One of the primary treatments for testicular cancer is chemotherapy, which involves the use of certain drugs to eradicate the cancer. The drugs used in chemotherapy come in a variety of forms such as intravenously, intra-muscular shots or even a pill. For testicular cancer, intravenous chemotherapy is the primary method of treatment.
Chemotherapy is a universal type of treatment for a variety of cancers. It’s systemic which means the drugs circulate through your body via the bloodstream “hunting” down the cancerous cells. When you have a form of testicular cancer that spreads to other areas of the body, chemotherapy is the best choice because of its systemic qualities. If your form of testicular cancer has not left the testicle, chemotherapy would likely not be the treatment of choice.
Types of Chemotherapy Drugs
There are several types of chemotherapy drugs and most of them work to directly attack and kill cancerous cells. Typically doctors will create a cocktail of chemotherapy drugs (usually two or more) because they are more effective together than a single one. When you visit with the doctor and talk about chemotherapy, you will likely here the names of such drugs as bleomycin, cisplatin, etoposide and ifosfamide. There are quite a few of them out there and doctors often have their favorite combinations which they have seen work most effectively.
There is a drug combination called PEB which uses cisplatin, bleomycin and etoposide and is often the first line of chemotherapy defense. Another drug combination called EP uses just he etoposide and cisplatin and is a popular cocktail as well. For more intensive treatment, doctors may use more than two or three chemotherapy drugs. And if the cancer is particular aggressive, stem cell transplants are another line of defense.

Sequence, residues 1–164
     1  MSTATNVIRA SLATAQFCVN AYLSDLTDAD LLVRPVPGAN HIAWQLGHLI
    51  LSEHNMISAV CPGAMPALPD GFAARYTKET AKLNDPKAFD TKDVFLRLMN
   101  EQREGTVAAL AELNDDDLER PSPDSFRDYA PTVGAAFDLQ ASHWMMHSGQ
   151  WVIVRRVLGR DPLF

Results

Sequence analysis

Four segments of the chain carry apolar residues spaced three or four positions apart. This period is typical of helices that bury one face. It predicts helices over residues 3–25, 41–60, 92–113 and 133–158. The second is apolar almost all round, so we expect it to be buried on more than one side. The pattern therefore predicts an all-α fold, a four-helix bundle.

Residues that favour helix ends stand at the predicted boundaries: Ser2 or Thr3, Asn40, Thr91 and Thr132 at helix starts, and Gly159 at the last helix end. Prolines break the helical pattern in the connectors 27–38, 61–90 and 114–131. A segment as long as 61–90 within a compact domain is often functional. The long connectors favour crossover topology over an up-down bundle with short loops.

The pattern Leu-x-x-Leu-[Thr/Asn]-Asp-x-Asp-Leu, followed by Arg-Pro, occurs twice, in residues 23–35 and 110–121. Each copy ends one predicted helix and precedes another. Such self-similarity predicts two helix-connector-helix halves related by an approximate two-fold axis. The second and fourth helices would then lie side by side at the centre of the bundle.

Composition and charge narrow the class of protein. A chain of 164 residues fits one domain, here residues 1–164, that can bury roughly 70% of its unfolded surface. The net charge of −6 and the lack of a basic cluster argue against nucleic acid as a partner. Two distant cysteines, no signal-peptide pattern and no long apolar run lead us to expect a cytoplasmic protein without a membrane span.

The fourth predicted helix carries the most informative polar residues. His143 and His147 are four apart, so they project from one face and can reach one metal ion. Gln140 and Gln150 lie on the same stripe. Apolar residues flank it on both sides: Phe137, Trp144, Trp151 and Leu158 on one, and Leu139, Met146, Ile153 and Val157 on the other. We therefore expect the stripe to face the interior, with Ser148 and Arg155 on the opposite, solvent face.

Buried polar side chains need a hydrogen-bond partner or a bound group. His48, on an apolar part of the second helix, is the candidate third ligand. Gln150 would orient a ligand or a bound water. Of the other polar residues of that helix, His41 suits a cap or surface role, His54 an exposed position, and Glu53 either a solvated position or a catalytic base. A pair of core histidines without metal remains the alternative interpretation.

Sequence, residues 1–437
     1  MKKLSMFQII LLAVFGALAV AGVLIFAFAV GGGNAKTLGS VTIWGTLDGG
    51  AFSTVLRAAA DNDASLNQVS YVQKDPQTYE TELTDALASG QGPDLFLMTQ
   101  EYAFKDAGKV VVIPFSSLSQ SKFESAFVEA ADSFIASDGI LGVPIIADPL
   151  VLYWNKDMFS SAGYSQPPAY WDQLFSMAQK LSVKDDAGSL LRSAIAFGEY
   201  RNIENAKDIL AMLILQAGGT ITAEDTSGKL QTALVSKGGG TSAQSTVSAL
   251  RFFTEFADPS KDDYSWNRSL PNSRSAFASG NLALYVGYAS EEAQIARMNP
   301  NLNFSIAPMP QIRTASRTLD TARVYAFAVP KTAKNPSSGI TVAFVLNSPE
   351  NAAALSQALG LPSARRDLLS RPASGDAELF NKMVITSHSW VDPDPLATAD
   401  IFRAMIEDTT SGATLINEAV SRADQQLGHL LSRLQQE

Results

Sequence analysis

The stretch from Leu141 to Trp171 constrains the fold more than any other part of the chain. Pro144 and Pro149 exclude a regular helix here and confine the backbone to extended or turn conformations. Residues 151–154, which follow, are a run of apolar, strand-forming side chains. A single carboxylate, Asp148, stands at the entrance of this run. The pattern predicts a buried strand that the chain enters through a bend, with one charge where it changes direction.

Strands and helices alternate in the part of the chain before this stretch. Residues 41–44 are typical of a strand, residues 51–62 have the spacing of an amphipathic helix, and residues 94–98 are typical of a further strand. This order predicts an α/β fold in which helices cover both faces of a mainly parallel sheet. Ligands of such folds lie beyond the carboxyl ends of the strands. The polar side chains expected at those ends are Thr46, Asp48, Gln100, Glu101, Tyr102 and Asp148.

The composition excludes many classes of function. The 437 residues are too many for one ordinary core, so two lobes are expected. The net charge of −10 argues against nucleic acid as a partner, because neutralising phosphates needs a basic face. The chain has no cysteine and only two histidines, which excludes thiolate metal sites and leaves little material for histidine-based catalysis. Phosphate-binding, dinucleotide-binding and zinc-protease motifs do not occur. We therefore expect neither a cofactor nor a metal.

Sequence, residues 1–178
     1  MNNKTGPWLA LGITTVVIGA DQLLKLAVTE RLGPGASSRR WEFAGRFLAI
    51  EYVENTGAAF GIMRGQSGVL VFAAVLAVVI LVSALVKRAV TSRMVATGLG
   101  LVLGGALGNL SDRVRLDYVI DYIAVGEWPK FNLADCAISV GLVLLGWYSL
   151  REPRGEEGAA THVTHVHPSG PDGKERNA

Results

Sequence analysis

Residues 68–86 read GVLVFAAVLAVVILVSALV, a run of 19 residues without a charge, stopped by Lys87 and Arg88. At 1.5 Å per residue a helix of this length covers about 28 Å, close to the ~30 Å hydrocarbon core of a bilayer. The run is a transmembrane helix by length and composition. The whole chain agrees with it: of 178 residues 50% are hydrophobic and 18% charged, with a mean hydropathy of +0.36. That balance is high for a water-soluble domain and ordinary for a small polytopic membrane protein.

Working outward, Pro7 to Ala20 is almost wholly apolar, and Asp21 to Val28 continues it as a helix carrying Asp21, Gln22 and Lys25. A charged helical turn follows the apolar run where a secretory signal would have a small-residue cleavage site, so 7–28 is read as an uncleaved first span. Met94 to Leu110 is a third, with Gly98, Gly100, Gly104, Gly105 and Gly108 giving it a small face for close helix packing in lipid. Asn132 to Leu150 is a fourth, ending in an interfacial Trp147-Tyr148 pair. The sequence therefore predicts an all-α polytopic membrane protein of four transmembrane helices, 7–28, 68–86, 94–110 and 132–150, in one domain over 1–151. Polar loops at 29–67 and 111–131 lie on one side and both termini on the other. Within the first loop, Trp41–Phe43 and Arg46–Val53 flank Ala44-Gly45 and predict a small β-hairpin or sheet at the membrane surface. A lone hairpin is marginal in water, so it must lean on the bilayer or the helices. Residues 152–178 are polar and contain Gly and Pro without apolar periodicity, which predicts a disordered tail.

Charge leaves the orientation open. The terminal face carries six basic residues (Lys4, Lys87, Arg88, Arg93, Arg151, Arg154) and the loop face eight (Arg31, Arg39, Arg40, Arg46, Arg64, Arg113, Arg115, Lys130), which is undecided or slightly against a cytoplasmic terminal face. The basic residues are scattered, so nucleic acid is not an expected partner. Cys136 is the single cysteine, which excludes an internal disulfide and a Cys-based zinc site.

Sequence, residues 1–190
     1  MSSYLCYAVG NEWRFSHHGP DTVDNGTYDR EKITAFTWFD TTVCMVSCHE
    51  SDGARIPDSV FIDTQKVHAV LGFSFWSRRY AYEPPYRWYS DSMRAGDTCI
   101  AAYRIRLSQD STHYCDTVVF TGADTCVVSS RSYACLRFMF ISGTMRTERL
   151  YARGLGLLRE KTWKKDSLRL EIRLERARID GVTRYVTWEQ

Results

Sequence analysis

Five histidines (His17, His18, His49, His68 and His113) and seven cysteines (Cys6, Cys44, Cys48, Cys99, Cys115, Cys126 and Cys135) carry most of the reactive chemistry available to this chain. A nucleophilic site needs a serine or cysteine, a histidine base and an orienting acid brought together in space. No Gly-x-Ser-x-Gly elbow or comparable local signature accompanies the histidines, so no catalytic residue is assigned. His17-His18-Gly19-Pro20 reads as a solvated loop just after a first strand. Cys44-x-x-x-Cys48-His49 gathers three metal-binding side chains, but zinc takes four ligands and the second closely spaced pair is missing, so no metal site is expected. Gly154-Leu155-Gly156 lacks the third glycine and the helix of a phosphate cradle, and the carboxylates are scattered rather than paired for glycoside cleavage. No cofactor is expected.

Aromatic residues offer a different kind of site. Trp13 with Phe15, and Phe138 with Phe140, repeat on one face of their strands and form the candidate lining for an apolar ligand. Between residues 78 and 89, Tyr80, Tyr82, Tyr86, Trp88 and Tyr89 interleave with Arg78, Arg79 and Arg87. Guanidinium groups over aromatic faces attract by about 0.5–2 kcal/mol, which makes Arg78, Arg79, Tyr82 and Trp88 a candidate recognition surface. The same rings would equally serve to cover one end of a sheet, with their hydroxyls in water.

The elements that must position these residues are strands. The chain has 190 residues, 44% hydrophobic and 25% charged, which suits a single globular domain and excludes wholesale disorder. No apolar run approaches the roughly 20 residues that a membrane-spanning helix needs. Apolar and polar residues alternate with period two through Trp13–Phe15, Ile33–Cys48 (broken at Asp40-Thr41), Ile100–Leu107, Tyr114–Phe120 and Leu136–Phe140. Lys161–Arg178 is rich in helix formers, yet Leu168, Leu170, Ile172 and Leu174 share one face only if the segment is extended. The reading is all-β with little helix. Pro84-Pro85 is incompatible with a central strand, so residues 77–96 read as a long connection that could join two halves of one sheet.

Side effects are common in chemotherapy because not only are the drugs combating the cancerous cells, they are affecting the healthy ones as well, thus the side effects. A small percentage of people do not exhibit any signs of a reaction. However a majority of testicular cancer patients do have at least a few side effects. The cells in your body that grow fast, like your digestive tract or hair follicles, are particular susceptible.
With chemotherapy, you can expect a lower immune function and must therefore be extra careful to avoid illness. Your body may have trouble warding off even the simplest of illnesses such as cold or flu. Because some blood cells grow fast, chemotherapy can affect your energy as well as cause bruising, even for the most minor of bumps. Other side effects that may occur early on in chemotherapy treatment include:
Ã¢â‚¬Â¢ Lower appetite, vomiting, nausea, sores in the mouth, constipation, hair loss or even diarrhea.
These short term side effects of chemotherapy can be treated with traditional over the counter remedies and even some herbs. Your doctor will have plenty of advice on how to treat your symptoms. As for long term effects of chemotherapy, some of the drugs used have been known to cause kidney problems, sensitivity to temperature changes, hearing loss and nerve damage, just to name a few. You and your doctor will have to discuss these potential long term effects to decide which chemotherapy drug treatment options are the most beneficial to you and your testicular cancer and if the benefits far outweigh the risks.